Carl Blobel obtained his MD degree from the Justus-Liebig University in Giessen, Germany, and a PhD in Biochemistry and Biophysics from UCSF. He is currently a Senior Scientist and Program Director of the Arthritis and Tissue Degeneration Program at the Hospital for Special Surgery, where he holds the Virginia F. and William R. Salomon Chair in Musculoskeletal Research. He is also Professor of Medicine and of Physiology, Biophysics and Systems Biology at Weill Cornell Medicine.
In 2015, Dr. Blobel was elected to the Association of American Physicians in recognition of his outstanding contributions to medicine. In 2017, he was awarded a Distinguished Affiliated Professorship by the Technical University of Munich in 2017, which recognizes "researchers of international prominence who have not only significantly shaped their own discipline but have also inspired other areas within the scientific community." Dr. Blobel has over 13,500 citations in the Web of Science Core collection ISI citation report and an h-factor of 70.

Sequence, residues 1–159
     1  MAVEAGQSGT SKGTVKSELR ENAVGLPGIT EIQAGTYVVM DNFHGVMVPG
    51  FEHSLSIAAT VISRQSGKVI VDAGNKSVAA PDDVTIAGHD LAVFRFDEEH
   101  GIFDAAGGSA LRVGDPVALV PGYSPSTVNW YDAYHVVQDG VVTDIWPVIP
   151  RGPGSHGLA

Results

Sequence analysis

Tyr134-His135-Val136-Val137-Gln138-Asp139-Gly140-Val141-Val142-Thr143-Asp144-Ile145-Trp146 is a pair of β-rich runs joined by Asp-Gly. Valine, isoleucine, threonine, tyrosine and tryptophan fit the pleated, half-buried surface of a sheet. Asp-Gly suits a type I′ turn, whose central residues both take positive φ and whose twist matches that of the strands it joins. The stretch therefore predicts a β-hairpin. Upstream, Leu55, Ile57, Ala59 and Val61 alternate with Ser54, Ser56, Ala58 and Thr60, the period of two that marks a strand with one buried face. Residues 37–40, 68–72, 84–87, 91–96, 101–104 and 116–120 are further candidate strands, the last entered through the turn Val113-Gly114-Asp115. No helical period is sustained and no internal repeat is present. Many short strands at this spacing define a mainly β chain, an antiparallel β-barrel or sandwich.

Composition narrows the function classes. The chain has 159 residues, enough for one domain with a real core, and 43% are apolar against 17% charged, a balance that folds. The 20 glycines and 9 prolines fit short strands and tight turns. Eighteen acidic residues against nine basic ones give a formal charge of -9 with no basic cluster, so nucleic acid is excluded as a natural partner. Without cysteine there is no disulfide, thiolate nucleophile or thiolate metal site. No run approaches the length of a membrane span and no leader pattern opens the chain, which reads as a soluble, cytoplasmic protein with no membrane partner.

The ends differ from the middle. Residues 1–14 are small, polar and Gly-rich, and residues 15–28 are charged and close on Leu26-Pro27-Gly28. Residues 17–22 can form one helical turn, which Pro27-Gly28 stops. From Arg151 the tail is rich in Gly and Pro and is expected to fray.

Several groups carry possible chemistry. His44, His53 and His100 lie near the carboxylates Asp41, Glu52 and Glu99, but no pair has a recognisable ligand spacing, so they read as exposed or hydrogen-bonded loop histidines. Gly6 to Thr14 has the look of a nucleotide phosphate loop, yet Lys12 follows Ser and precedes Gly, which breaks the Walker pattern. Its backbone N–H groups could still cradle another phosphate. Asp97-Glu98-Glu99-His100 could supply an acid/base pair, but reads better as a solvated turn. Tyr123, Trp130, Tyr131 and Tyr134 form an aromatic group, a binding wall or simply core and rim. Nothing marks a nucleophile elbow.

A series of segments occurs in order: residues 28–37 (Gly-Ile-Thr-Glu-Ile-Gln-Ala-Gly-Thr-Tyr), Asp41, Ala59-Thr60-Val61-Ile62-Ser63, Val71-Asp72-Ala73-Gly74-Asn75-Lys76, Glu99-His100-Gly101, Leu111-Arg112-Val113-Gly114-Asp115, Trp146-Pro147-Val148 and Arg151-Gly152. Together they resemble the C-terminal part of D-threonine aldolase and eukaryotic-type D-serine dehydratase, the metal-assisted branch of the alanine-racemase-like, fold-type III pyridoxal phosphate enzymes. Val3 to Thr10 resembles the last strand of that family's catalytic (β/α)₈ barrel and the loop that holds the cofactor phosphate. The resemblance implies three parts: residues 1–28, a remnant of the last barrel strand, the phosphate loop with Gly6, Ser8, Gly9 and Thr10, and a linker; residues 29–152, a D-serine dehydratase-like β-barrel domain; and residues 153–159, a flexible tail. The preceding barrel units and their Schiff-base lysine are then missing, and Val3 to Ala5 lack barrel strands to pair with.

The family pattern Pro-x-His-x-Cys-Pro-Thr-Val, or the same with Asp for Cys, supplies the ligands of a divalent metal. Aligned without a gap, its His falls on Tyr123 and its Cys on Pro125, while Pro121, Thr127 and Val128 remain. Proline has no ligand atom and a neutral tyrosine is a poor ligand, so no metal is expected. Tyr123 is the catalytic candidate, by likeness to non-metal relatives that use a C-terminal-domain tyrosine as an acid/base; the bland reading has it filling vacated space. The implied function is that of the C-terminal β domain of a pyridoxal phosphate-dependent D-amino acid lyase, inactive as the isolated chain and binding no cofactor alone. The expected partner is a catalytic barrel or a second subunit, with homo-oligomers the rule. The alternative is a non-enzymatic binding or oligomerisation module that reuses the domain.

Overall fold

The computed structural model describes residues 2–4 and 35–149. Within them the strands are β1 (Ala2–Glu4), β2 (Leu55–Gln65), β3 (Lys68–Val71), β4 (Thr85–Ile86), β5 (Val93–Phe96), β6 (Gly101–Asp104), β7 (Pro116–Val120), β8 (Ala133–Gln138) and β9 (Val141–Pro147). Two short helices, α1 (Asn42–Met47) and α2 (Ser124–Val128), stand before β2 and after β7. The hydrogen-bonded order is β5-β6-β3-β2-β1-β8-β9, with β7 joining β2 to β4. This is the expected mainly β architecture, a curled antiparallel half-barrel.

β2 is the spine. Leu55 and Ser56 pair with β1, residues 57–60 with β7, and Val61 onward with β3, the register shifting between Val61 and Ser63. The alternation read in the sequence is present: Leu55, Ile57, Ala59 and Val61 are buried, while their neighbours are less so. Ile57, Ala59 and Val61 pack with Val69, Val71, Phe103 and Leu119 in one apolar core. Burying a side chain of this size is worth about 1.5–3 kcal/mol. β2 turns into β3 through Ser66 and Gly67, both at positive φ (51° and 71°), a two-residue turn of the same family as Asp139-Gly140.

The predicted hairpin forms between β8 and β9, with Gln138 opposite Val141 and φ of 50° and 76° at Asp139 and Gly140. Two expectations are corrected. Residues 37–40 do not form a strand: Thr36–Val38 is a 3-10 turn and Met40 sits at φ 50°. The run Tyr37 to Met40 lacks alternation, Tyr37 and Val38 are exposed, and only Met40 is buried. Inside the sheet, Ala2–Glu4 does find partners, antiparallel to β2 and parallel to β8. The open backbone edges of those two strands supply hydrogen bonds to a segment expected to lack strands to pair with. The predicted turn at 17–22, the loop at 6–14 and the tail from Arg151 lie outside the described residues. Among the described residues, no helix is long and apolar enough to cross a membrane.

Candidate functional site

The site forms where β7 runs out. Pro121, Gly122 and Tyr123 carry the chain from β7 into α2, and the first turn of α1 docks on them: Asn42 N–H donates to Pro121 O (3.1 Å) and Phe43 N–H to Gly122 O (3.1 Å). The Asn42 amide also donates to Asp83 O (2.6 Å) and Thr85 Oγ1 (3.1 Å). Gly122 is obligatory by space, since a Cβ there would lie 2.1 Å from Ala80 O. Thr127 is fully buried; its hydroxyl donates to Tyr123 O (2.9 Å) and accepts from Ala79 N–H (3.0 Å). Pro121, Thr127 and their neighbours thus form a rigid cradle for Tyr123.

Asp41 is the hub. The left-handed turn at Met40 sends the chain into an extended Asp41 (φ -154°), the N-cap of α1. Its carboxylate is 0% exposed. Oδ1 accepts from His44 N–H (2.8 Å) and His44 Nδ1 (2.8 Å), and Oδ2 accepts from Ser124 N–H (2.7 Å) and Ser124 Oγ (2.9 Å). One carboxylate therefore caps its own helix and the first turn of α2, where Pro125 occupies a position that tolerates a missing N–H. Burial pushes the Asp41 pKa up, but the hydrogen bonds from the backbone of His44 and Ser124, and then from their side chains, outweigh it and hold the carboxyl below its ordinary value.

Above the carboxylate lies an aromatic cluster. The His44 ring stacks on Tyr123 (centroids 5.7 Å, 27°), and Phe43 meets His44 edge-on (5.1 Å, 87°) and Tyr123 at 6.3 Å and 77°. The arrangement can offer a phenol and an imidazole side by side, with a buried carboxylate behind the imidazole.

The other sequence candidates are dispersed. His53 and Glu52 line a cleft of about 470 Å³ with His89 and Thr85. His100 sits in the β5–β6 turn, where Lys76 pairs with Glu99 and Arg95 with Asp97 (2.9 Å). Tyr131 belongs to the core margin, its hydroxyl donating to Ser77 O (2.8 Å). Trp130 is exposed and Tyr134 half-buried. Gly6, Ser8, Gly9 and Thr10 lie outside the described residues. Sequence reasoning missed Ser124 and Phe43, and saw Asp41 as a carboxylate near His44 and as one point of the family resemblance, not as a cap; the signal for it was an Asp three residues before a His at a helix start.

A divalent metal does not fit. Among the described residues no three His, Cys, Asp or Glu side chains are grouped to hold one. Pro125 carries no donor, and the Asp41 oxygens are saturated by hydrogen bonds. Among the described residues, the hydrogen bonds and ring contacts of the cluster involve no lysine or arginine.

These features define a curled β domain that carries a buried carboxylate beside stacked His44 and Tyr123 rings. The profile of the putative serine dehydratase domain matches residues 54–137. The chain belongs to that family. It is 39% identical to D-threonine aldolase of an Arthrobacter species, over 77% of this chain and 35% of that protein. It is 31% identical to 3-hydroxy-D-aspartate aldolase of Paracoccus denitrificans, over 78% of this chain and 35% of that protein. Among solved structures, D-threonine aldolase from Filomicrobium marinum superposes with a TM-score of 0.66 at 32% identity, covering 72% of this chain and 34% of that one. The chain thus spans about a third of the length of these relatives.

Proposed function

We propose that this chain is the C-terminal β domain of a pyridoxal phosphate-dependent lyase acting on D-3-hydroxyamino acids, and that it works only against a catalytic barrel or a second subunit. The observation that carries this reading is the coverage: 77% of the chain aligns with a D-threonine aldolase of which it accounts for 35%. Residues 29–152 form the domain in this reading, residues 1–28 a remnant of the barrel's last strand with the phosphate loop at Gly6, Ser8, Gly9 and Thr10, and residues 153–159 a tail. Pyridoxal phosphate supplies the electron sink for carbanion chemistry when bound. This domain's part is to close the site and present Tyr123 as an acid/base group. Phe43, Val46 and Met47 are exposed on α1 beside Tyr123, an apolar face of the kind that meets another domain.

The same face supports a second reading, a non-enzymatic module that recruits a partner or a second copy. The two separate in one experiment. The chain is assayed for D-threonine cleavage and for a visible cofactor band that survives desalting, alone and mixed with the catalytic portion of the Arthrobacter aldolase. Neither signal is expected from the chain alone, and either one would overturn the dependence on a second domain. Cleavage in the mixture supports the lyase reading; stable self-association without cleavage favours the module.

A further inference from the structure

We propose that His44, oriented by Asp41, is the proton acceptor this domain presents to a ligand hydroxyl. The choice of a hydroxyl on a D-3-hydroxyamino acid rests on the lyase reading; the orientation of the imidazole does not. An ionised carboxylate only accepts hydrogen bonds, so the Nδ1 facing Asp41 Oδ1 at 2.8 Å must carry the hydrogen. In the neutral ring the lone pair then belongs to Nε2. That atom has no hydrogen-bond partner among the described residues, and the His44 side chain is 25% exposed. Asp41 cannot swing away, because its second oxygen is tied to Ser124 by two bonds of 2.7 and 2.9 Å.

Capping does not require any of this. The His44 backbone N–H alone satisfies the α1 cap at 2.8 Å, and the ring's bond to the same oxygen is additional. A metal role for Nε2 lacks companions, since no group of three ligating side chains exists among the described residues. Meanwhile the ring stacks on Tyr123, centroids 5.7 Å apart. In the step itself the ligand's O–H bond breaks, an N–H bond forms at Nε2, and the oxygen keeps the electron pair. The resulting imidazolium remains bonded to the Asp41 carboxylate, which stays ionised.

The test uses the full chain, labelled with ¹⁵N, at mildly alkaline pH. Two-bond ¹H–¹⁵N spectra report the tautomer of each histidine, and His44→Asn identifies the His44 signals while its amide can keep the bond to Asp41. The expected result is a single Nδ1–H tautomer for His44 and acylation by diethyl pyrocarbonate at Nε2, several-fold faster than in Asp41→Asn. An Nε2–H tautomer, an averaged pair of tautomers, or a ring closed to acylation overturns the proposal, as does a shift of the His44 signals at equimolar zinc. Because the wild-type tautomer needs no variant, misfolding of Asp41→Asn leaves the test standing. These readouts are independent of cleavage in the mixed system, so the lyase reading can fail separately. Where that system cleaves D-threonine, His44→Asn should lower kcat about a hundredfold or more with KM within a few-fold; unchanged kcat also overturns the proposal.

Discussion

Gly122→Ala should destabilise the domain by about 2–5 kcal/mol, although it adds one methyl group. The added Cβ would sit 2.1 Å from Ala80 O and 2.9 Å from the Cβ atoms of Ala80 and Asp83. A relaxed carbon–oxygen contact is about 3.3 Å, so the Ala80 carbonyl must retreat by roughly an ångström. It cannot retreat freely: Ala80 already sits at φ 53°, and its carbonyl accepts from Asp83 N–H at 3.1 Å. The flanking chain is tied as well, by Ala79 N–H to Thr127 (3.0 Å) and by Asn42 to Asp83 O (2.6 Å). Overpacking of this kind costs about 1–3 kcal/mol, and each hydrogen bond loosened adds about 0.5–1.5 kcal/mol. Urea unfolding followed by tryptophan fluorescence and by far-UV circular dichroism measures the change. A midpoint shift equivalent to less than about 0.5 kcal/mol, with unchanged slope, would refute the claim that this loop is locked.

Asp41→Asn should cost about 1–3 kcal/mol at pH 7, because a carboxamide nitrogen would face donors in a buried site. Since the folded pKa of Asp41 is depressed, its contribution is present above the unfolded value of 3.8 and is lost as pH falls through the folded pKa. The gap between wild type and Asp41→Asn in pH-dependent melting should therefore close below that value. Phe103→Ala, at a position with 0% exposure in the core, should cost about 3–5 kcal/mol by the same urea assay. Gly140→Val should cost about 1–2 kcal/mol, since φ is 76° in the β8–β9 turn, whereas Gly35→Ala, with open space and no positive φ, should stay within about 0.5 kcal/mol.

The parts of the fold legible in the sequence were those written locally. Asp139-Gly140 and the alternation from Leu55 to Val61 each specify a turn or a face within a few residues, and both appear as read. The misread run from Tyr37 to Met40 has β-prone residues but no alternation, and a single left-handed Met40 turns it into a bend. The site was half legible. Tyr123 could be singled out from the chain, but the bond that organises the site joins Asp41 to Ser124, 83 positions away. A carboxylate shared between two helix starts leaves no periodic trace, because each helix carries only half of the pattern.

Major Focus: Uncovering the role of iRhoms and ADAM17 in development and disease, with an emphasis in autoimmune diseases such as Rheumatoid Arthritis (RA), Systemic Lupus Erythematosis Glomerulonephritis (SLE GN) and neuroinflammation.
Research in my lab is focused on elucidating the functions of cell surface metalloproteinases termed ADAMs (a disintegrin and metalloproteinase) in development and disease. ADAMs have emerged as critical modulators of cell-cell interactions because they regulate the bioavailability of membrane proteins such as the pro-inflammatory cytokine TNFalpha and ligands of the EGF-receptor (EGFR). Studies in my lab employ a synergistic combination of approaches, including biochemistry, cell biology, mouse models for development and disease and analysis of patient samples. Work in my lab has helped establish that ADAM17 is a key regulator of the EGFR signaling pathway, which is essential for maintaining the skin and intestinal barrier but can cause a variety of human pathologies when it is dysregulated. Moreover, my lab has pioneered studies on the newly discovered iRhom1 and 2 as crucial upstream regulators of ADAM17-dependent EGFR and TNFalpha-signaling. By elucidating how exactly iRhoms and ADAM17 interact, we have provided exciting new insights into the basic biology of these fascinating proteins and have identified new and attractive potential targets for treatment of autoimmune diseases and cancer.
What are the main iRhom/ADAM17-dependent signaling pathways?